NFL Draft Rumors: Jaguars to take Johnny Manziel at No. 3?

May 7, 2014 – 10:20 am by Ryan Phillips
    Johnny Manziel

As we’ve said before, now that we’re close to the start of the 2014 NFL Draft, rumors are going to start running wild. The latest on Wednesday morning suggests that the Jacksonville Jaguars could surprise everyone on Thursday and select Texas A&M quarterback Johnny Manziel with the third overall pick.

John McClain of the Houston Chronicle claims that “word’s spreading among media” in New York that the Jaguars will snag Manziel at No. 3. Conventional wisdom had the Jaguars taking Buffalo linebacker Khalil Mack or Clemson wideout Sammy Watkins at that spot.

But it shouldn’t surprise anyone that the Jags are interested in taking a quarterback. The franchise has been crippled by the awful decision to take Blaine Gabbert in 2011, and the team’s current starting quarterback is Chad Henne.

The Jaguars traded up six spots to take Gabbert 10th overall during the 2011 NFL Draft, surrendering the 16th overall pick and a second-round pick to the Washington Redskins to do so. Gabbert is now eating up a roster spot on the San Francisco 49ers, and boasts a career quarterback rating of 66.4. He’s been a horrific bust.

By trading Gabbert away, the Jags opened a spot on their roster. They certainly need a young quarterback to develop behind Henne, but most expected them to address that need on the second day of the draft. But, frankly, if they really love Manziel they should dive in and grab him while they have the chance.

I’m not incredibly high on Manziel, as his footwork and mechanics are atrocious and could need years of work to iron out. But he undoubtedly has the innate ability to make plays and provide excitement, and Jacksonville is easily the NFL’s least-exciting franchise.

Manziel might be exactly what the Jaguars need right now.

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  1. 4 Responses to “NFL Draft Rumors: Jaguars to take Johnny Manziel at No. 3?”

  2. I love it when “experts” bash potentials draftees based on such mind-boggling fundamentals as footwork. The annals of sports history are riddled with examples of superstars that did everything wrong–except win. You can’t measure heart, determination or toughness, three things JM has in spades. THAT makes him a team player and a rare catch.

    By Agdoc on May 7, 2014

  3. So you’re saying a guy with awful footwork and mechanics who won in college is destined to be great in the pros? I’d like to introduce you to Tim Tebow.

    And Manziel lost six games in two years at Texas A&M, it’s not like he won a national title.

    I’m not comparing him to Tebow, he’s better than that. But he does have a lot of things to work on mechanically. He doesn’t use his lower-half on his throws and drops his arm too much and often goes sidearm, which leads to errant throws and under-thrown balls. He also hops when he throws a lot, which takes a ton of velocity off the ball. He could get away with that in college, he won’t in the pros.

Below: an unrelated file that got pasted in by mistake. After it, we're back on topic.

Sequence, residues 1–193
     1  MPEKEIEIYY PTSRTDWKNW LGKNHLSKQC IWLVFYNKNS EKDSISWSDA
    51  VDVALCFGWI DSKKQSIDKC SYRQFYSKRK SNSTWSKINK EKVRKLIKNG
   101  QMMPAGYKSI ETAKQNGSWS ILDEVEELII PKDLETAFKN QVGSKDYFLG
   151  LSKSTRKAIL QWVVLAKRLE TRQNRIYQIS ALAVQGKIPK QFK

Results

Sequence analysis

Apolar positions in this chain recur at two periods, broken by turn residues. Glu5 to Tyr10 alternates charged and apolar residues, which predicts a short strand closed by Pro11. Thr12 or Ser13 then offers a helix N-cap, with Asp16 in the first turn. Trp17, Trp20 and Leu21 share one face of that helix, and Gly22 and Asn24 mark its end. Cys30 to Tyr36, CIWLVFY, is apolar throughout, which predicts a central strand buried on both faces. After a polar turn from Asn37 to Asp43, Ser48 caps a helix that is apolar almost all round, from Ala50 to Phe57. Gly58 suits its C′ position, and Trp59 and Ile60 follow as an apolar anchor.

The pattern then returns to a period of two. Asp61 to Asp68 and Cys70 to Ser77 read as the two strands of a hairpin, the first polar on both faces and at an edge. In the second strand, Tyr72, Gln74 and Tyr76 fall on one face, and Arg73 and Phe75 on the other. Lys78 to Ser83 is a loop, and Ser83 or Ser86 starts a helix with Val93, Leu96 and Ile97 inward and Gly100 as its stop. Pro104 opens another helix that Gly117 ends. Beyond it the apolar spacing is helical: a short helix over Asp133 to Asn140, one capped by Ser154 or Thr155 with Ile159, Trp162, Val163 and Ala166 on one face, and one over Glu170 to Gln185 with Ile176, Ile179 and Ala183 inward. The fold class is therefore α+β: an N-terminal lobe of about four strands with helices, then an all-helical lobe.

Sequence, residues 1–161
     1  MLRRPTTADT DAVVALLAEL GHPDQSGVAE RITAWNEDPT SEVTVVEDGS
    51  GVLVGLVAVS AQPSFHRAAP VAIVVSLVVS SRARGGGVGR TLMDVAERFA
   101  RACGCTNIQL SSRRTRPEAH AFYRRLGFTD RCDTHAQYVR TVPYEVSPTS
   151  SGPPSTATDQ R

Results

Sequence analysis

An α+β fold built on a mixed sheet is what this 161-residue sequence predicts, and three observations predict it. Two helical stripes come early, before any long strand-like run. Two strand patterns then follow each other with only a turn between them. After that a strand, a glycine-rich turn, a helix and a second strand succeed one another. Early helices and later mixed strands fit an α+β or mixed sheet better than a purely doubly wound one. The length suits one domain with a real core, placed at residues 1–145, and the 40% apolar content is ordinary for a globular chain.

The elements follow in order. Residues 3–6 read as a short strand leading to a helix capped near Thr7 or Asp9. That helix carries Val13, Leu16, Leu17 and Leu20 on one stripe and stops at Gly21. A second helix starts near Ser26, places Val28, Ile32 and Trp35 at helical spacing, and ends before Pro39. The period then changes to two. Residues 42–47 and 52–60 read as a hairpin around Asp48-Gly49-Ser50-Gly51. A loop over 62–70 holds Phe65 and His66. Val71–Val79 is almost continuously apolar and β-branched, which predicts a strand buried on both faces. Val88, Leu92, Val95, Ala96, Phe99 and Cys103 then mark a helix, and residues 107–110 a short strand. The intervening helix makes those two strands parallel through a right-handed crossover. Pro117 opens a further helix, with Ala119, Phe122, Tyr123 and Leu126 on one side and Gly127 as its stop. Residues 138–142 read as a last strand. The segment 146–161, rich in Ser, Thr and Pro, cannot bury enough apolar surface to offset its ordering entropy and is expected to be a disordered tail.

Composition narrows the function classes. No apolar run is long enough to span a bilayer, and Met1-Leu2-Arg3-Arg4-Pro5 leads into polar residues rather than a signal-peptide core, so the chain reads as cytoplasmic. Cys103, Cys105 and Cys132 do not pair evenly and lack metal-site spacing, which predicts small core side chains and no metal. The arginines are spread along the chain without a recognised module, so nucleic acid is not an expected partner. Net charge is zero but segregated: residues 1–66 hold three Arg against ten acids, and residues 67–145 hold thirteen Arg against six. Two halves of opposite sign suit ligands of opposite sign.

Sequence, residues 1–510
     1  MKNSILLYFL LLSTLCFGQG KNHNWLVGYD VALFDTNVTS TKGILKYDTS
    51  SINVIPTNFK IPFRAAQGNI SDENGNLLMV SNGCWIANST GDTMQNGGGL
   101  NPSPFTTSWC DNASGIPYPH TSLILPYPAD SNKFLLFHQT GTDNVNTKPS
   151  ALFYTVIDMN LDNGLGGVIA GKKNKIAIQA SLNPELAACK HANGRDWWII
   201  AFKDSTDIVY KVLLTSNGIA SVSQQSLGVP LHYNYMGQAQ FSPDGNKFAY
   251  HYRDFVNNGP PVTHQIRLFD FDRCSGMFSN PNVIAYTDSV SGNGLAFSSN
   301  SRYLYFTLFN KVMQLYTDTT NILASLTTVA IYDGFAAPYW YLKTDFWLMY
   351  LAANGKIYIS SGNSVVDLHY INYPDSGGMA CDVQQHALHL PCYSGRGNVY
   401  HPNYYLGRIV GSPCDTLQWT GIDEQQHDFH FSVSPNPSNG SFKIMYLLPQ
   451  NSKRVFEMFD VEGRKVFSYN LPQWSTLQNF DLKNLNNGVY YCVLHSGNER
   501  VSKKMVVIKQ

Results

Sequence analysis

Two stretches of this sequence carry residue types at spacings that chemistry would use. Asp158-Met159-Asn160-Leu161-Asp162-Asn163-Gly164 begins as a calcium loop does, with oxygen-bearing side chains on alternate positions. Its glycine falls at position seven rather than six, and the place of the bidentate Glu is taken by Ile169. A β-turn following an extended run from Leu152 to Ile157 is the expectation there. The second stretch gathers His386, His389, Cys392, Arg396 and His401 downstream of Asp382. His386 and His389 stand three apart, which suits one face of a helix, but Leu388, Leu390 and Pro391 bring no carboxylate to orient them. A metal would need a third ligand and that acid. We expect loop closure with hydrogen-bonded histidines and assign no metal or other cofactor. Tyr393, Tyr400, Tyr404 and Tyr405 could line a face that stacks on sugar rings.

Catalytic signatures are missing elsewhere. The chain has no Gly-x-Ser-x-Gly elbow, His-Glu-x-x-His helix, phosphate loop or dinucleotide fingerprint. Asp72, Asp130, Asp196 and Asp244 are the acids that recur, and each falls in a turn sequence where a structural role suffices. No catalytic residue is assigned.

On top of all of that, he makes his reads a bit late because he’s often looking to make plays with his feet. At the next level he’ll need to rein that in and not wait for guys to get open, he needs to anticipate where they will be. He didn’t show he could do that consistently in college.

    He will have the opportunity to get better, but there is a lot of work to do.

    By Ryan Phillips on May 7, 2014

  4. Tebow “won” in the pros, mgmt. just didn’t like how he did it. Also, please don’t give me the bull about his passing or overall game being inferior. His stats are better than many QB’s on NFL rosters and his winning % better than most. Tebow’s challenge is he wins but in an unorthodox way……….and those in the know (like you) just can’t get comfortable with that. And one other thing, he has been able to reach a level of class that few people ever see, and because of that, players, coaches and fans feel a need to bring him down a few notches.

    By John East on May 7, 2014

  5. Tebow’s stats are better than QBs on current NFL rosters? Um, false.

    He’s a great kid, but there’s a reason no one has picked him up, he completed 47.9 percent of his passes in the NFL. An NFL offense can’t operate like that. If not for Denver’s defense turning into an elite unit during the season he was the starter, it’s highly unlikely they would have made the playoffs.

    By Ryan Phillips on May 7, 2014

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